The ‘real game of millimetres’ that could make McLaren a winner or loser

Michelle Foster
Oscar Piastri leads McLaren team-mate Lando Norris in the grand prix. Saudi Arabia March 2023

McLaren driver Oscar Piastri leads his team-mate Lando Norris in the grand prix. Saudi Arabia March 2023

Andrea Stella has pinned his hopes for this season on McLaren’s aerodynamicists winning what he calls a “real game of millimetres” when it comes to developing the MCL60.

McLaren’s form at the beginning of this season has been underwhelming, prompting the team’s former technical director James Key to admit they’d failed to foresee the impact this year’s floor regulation tweaks would have on the car’s performance.

Now it’s a case of regrouping with McLaren needing to recover the downforce they lost.

New team boss Stella, who took over from the Sauber-bound Andreas Seidl in the off-season, says progress – or a decline – will be based on “millimetres”.

“With this generation of cars, a lot of what contributes to performance isn’t visible, it’s underneath the car,” he said as per Motorsport.com.

“It’s very different from the previous generation of cars. If you look under the car now, you can see channels that play an important role.

“You have to get the basic concepts right, which we didn’t do early in the season.

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“But it’s also a play with millimetres here and there. They make the difference in how stable the vertebrae are when they’re moving. And they’re also crucial for porpoising.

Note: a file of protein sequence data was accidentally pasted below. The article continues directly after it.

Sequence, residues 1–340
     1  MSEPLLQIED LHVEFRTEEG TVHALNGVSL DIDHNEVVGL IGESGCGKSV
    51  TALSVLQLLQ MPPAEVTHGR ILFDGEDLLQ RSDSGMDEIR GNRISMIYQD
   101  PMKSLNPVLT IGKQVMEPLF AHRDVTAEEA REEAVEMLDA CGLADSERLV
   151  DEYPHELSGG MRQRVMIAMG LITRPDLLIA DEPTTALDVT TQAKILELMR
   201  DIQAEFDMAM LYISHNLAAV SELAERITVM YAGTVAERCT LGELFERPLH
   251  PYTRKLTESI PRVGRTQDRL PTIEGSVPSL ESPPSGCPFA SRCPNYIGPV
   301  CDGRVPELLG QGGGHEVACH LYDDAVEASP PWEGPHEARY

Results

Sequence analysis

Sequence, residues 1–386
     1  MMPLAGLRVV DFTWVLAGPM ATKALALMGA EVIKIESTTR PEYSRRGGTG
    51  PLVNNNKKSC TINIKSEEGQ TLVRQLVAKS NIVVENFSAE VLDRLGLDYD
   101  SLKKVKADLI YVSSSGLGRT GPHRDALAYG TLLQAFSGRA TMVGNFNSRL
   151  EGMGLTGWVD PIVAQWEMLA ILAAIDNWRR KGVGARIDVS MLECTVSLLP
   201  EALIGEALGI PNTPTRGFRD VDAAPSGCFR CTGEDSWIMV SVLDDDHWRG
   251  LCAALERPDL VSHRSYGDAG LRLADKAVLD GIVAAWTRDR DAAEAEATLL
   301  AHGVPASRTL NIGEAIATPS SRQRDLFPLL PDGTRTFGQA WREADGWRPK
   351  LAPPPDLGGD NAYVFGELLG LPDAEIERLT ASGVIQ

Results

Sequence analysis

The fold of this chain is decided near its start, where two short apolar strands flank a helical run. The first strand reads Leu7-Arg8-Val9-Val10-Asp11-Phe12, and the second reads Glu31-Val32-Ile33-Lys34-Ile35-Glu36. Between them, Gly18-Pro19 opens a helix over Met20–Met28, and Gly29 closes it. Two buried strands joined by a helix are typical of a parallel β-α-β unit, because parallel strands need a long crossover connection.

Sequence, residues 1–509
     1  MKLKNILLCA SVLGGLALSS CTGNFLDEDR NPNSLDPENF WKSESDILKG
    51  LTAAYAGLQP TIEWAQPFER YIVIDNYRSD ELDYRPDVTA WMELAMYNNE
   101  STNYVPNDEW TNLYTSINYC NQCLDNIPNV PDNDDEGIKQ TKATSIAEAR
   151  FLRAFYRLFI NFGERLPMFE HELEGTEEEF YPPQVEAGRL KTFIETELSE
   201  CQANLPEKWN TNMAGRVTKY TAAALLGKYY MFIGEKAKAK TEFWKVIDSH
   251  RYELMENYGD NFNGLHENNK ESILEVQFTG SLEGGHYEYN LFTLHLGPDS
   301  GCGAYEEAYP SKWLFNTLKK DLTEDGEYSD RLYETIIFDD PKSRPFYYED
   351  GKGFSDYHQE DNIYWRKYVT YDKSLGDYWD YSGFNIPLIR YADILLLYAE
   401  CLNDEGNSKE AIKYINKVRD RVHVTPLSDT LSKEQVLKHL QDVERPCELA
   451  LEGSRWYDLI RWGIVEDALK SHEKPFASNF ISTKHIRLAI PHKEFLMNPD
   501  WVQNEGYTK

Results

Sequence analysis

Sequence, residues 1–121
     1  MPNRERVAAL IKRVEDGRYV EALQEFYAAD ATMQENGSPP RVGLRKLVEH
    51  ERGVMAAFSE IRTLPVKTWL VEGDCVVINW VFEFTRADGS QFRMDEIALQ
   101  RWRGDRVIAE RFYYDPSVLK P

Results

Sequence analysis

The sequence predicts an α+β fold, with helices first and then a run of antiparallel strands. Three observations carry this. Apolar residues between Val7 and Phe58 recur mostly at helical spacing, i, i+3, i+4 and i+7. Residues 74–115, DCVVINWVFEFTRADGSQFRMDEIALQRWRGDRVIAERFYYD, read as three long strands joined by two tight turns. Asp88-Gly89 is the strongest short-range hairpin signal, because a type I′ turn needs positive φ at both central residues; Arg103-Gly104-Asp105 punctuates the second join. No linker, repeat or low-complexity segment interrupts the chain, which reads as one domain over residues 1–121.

“Now for the right airflow it’s important to understand what high-level concepts to focus on in development.

“And then it’s a real game of millimetres, with lots of runs in lots of areas of the car and the underbody by people in the aerodynamics room.”

The Italian went on to explain that with this new generation of cars everything is connected with every part of the car working in conjunction with the rest of it, from floor to sidepods to wings.

“Everything is connected in three dimensions. It’s difficult to find a detail that works on its own,” said Stella.

“With the previous generation of cars it was much easier because the floors were modular and you could just take the front part and rework it in the factory.”

“It’s difficult with this car. It doesn’t work that easily aerodynamically. So it’s a bit more of a challenge in terms of development speed.”

But while that means if a team gets on part wrong then the rest of the car won’t perform as it should, Stella reckons one thing these new cars do is give better feedback in the wind tunnel than the previous generation.

“I think this generation of cars is better correlated overall, at least at McLaren,” he said. “The limits of the wind tunnel on the previous generation of cars were very restrictive, not only for logistics but also for the aerodynamic correlation itself.

“With these cars, a lot happens on the ground, where the overall correlation is better, for whatever reason.

“With the previous generation, there were a lot of vortices flying in the open air and generated from the side, for example by the bargeboards. Hence this area has always been a little more difficult for the front wing.”

“But the current front wing works further off the ground. That makes it easier. Even with the underbody, the correlation works better for some reason. Overall, I think it has more to do with the generation of cars.”

McLaren are currently fifth in the Constructors’ Championship, tied with Alpine on 14 points but ahead of the Enstone team by virtue of Lando Norris’ P6 in Australia.